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    Washington’s history dates back to 1904 when the Seattle School Board purchased a site bounded by 18th and 19th Avenues South and Main and Washington Streets for $12,000. The original building was a 22 room frame and a stucco facility designed for high school students and constructed in 1906 at a cost of $67,800. It opened in 1907 and was named Franklin School though it was usually referred to as the High School Annex. It had a staff of seventeen teachers, supervised by William Geiger, the Principal of Seattle High School (later known as Broadway High School).

    In 1912, Franklin High School opened and Franklin School became Washington Elementary School. The first principal was Nellie Goodhue. It remained an elementary school until 1938 when it became a center for 7th and 8th grade students. In 1945 it became Washington Junior High School. By 1957 the school was very crowded, surrounded by 16 portables, in a cosmopolitan neighborhood serving Caucasian, Jewish, Asian and African American students.

    In 1958, because of overcrowding the School Board authorized the purchase of land on Jackson Street between 21st and 23rd Avenues for a new building, dedicated in April 1964, costing $2,456,000 with the most fragrant front entrance of any school in the city, thanks to Gai’s bakery across the street.

    In 1968, Washington became Garfield “B” serving grades 9 through 12, with a very fine career education program: An automotive-technology facility considered one of the best in the state, a comprehensive day-care center, a restaurant and food preparation area, a dry cleaning plant and a cosmetology classroom.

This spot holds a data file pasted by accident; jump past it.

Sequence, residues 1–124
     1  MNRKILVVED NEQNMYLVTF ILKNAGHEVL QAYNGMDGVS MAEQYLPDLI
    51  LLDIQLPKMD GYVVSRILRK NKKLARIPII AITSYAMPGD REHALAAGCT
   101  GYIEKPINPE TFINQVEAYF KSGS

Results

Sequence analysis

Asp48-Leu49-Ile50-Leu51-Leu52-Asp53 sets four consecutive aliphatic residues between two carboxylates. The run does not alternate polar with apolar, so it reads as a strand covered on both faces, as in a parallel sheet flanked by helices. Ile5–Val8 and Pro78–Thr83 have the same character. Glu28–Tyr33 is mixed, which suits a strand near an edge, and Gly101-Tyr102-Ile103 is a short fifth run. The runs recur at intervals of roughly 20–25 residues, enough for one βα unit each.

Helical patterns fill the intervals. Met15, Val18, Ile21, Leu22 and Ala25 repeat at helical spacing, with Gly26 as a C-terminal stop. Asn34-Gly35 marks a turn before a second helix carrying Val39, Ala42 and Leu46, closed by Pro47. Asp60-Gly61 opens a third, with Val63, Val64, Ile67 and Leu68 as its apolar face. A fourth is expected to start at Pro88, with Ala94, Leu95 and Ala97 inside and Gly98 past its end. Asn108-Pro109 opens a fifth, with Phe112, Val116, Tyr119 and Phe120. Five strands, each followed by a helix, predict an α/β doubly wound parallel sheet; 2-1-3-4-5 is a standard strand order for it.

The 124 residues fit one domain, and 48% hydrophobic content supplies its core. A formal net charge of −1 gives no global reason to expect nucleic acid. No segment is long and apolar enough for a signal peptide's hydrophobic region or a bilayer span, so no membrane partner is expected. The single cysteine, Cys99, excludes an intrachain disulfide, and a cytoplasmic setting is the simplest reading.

In 1976, Garfield High moved from its “B” campus and consolidated its program on one campus. Pacific jointly shared the building with the School Age Parent Continuation program through June 1973, both programs serving populations with special needs.

    In 1978, the Seattle School Board approved a new 6-8 middle school in the Central Area, Washington Middle School. The entire staff of Madrona School opened this new school.

    In its first year of existence, 1978-79 there were two grades, 6th and 7th. Within two years, Washington expanded into a 6-8 middle school with a small class of 5th graders as part of a special program.

    The development of Washington Middle School was indeed a major task. Credits are due to the hard working and dedicated staff, volunteer parents and technical resources provided by Seattle School District Administrators and Staff.

    As special programs occupied the building several years prior to Washington Middle School, many building room alterations were necessary to accommodate a middle school population of 800 plus.

    Washington has become know for its tremendous diversity in instructional approaches and the variety of its classes and activities for students.